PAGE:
Category: baby name Thalassa
Cordelia– Meaning “heart; daughter of the sea,” Cordelia’s origin is Latin and Celtic. In Shakespeare’s tragedy King Lear, Cordelia was the King’s youngest and favorite daughter. Though a bit grown up sounding, it also yields the fresh nicknames Cora, Delia, Del, Lia, and Cory.
Greek names, particularly for girls, are beginning to make more of a mark on the American baby namescape. The Greek Sophia is our Number 1 name, and Chloe and Zoe are at 10 and 31, respectively. Tina Fey looked back to her Greek roots for the names of her second daughter Penelope Athena and Kourtney Kardashian followed with her own little Penelope a year later. Little Greek gods and goddesses are sliding down slides in Boston and Brooklyn playgrounds, where even extreme choices like Persephone and Andromeda are becoming accepted.
But there is a wealth of baby girl names still to be imported from this ancient culture, ranging from mythological deities’ and saints’ names to botanicals to place names. Easy to pronounce, with many bearing a strong family resemblance to familiar English names, here are of the best underused Greek baby names.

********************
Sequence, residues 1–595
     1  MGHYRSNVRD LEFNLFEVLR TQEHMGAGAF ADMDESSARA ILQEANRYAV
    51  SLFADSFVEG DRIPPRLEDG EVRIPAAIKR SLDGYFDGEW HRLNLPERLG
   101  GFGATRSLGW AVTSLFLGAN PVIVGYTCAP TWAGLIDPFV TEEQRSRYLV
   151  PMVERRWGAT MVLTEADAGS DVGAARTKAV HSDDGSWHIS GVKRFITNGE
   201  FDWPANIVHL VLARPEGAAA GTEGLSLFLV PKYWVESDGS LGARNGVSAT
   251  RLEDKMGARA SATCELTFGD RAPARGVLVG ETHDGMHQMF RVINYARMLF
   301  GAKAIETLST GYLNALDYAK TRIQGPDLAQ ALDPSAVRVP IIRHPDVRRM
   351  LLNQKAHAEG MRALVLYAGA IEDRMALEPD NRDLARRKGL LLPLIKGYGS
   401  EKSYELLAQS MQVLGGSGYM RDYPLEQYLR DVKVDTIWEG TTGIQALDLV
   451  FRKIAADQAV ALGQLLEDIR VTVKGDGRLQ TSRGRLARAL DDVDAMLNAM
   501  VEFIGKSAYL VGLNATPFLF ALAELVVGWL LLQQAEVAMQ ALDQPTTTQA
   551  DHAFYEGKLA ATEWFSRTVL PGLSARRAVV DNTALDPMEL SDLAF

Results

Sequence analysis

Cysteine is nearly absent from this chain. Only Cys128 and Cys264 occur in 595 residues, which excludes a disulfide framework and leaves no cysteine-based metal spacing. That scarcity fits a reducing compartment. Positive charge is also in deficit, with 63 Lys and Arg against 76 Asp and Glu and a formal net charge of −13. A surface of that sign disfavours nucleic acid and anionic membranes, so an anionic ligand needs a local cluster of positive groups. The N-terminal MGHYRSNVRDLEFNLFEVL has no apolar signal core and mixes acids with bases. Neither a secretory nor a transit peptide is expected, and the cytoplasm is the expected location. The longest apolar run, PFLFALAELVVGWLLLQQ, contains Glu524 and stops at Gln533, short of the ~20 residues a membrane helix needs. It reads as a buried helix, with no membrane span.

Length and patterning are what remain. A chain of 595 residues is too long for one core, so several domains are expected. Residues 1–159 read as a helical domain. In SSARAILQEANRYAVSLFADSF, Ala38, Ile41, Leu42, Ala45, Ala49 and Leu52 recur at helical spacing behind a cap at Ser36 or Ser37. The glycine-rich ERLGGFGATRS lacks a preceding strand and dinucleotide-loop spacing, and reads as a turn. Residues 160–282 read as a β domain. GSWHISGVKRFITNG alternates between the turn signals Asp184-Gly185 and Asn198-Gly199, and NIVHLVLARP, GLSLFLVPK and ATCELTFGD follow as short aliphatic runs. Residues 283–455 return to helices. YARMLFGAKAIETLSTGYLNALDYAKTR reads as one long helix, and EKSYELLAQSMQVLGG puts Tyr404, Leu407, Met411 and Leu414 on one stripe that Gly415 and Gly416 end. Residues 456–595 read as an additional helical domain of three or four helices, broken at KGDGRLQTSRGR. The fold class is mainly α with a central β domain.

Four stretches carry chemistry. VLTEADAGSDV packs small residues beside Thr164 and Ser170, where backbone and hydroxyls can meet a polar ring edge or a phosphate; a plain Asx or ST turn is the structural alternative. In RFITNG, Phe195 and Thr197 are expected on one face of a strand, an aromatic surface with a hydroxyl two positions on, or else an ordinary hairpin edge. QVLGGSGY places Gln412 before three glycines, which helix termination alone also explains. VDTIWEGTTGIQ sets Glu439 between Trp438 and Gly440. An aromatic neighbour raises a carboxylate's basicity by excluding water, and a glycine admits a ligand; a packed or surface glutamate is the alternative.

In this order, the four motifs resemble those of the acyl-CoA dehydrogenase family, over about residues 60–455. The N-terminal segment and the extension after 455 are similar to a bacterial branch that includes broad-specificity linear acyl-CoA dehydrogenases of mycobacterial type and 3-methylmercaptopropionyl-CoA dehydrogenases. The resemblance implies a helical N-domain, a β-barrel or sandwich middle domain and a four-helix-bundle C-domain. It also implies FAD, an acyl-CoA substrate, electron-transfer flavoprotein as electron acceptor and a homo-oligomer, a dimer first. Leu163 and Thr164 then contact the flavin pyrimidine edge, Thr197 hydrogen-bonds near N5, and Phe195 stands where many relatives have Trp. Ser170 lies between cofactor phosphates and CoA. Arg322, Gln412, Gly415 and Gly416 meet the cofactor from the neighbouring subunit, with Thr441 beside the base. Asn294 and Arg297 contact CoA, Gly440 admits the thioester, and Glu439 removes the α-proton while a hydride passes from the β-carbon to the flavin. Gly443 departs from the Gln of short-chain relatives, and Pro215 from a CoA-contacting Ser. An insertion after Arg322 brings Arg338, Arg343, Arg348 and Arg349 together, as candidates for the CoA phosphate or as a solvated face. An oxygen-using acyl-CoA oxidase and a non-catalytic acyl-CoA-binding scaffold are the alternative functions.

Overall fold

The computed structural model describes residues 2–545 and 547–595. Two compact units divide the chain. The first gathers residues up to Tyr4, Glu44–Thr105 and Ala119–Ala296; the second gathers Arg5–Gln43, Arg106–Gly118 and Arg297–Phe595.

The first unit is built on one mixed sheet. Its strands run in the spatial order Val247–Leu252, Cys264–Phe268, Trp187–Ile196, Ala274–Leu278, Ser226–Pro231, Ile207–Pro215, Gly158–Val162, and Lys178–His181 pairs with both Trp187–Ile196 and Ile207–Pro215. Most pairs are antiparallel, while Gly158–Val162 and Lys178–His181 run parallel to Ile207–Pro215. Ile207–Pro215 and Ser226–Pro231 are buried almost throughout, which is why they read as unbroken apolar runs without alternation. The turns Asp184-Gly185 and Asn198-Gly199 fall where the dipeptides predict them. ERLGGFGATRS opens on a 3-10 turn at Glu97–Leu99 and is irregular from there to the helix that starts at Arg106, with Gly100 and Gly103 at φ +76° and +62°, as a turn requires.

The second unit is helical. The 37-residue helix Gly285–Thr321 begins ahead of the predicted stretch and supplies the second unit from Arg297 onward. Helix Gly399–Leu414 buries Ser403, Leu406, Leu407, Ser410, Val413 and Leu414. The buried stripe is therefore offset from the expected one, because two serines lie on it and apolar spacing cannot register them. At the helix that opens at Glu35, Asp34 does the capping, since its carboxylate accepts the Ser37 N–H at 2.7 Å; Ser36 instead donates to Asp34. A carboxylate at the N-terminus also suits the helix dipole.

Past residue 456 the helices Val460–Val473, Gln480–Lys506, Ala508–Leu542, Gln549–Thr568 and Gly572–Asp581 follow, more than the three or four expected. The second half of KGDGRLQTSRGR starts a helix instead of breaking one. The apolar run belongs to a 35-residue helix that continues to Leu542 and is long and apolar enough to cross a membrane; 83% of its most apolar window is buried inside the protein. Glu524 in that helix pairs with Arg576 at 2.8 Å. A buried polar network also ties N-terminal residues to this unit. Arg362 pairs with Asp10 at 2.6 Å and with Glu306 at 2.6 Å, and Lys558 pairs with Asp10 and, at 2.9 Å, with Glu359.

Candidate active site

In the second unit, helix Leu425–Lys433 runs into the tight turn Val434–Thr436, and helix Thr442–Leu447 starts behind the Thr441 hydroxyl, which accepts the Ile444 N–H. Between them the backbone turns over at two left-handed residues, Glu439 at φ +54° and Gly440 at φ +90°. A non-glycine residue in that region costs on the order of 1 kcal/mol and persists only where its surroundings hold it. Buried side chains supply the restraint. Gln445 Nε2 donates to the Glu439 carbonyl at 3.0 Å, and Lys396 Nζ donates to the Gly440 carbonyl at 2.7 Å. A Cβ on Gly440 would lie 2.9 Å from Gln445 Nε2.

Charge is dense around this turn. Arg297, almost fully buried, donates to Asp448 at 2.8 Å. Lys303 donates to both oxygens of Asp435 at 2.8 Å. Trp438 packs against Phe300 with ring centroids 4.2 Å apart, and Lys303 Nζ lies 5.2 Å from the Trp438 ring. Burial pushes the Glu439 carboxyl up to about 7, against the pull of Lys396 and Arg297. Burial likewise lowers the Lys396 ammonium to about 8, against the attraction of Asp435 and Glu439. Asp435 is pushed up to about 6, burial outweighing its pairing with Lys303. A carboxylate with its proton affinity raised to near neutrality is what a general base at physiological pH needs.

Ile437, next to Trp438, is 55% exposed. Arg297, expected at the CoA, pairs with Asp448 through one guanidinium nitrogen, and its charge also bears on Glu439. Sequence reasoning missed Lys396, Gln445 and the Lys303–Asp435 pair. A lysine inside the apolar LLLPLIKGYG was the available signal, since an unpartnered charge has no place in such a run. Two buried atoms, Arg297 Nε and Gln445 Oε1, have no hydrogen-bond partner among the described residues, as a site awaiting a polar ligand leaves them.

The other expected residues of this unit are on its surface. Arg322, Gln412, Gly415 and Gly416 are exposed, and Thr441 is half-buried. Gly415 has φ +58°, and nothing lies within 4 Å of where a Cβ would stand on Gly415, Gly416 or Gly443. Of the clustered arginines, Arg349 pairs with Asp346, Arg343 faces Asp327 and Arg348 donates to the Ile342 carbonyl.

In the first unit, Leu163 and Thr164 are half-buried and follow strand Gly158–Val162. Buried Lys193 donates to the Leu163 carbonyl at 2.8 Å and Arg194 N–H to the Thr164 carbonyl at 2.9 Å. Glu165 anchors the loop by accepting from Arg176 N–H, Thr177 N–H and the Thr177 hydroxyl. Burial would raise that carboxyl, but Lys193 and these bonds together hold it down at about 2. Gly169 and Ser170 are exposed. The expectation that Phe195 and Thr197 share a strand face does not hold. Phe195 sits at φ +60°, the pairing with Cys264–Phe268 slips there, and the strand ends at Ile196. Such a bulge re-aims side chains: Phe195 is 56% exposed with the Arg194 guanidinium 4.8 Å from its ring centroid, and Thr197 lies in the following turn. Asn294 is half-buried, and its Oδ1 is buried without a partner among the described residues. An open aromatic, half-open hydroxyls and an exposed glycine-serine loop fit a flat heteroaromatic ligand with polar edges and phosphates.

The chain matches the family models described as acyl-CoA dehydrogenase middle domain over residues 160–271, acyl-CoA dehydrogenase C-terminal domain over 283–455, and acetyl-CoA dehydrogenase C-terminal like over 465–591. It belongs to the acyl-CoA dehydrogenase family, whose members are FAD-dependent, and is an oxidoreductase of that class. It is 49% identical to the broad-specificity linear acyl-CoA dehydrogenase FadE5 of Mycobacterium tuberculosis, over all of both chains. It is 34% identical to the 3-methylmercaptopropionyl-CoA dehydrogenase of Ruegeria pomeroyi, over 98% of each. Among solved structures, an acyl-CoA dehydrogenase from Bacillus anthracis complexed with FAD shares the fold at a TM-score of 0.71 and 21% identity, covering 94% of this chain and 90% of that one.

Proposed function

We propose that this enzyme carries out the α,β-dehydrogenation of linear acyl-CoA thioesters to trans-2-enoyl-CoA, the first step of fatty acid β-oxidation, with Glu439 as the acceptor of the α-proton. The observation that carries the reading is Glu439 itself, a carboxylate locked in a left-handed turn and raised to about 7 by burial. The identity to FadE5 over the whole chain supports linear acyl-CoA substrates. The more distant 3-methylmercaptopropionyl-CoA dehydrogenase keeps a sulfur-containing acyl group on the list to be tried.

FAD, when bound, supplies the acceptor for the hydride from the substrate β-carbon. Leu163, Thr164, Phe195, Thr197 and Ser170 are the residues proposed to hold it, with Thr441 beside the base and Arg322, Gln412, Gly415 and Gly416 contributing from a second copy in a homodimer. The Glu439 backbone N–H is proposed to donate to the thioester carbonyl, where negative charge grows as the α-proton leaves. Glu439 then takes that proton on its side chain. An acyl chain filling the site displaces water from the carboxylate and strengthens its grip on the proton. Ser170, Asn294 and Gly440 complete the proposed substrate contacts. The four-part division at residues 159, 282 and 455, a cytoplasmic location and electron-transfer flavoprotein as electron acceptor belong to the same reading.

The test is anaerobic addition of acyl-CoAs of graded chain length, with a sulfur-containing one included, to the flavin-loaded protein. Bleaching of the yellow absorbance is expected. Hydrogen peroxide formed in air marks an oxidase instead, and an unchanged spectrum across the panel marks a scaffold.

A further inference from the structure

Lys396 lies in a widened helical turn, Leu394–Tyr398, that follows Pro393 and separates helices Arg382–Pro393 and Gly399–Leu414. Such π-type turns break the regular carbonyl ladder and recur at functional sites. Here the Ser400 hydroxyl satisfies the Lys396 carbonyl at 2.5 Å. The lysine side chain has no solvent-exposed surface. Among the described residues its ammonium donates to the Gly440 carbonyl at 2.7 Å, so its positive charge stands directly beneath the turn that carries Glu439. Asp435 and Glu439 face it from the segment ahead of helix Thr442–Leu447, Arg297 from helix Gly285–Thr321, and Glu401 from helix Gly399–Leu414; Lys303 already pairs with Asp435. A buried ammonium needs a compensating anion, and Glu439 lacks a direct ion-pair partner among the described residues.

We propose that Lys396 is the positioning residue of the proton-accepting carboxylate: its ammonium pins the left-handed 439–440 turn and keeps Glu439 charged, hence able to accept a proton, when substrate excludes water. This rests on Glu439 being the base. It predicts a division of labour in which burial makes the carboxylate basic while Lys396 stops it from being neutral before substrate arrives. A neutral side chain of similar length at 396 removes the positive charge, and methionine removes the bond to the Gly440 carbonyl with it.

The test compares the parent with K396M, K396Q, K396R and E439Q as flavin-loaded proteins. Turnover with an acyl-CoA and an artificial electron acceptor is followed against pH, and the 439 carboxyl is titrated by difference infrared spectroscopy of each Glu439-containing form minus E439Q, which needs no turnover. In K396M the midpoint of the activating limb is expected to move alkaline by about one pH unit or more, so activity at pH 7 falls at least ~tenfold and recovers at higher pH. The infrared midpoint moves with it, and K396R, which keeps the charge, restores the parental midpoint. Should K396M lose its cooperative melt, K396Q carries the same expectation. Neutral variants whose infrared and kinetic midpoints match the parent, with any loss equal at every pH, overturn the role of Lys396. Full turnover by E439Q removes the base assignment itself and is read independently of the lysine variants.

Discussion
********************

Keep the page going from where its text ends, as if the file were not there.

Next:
But what about the names of actual moons, of some of the many satellites rotating around the planets? Luckily for us namebodies, many of their names were taken from ancient Greek mythological figures (several after lovers of Zeus)–particularly those around Jupiter and Saturn— while the names of Uranus’s twenty-seven moons have a decidedly Shakespearean bent.
Here, the Nameberry Picks of the best lunar names: